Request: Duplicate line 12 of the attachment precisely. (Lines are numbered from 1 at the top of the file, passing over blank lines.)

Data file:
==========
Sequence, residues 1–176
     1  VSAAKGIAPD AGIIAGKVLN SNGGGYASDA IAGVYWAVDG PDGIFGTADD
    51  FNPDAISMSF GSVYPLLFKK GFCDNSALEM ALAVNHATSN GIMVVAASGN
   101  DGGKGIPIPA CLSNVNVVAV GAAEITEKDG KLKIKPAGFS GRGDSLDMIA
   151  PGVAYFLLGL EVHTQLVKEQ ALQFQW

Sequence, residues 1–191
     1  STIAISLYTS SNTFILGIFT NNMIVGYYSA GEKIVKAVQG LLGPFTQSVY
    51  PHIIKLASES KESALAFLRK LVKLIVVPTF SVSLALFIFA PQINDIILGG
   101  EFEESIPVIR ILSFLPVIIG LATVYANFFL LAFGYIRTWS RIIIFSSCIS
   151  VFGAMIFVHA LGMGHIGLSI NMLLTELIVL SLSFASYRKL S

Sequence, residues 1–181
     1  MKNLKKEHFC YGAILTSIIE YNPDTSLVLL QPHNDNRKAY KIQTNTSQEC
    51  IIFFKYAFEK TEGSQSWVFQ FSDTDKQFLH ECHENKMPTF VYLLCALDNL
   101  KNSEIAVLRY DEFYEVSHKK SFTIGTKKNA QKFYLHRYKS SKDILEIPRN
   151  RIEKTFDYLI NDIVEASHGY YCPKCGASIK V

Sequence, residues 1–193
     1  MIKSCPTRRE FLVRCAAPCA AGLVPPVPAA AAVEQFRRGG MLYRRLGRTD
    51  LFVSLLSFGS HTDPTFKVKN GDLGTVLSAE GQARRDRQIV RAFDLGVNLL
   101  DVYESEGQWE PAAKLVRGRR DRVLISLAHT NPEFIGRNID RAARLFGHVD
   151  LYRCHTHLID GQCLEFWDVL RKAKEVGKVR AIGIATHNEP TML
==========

     1  MKNLKKEHFC YGAILTSIIE YNPDTSLVLL QPHNDNRKAY KIQTNTSQEC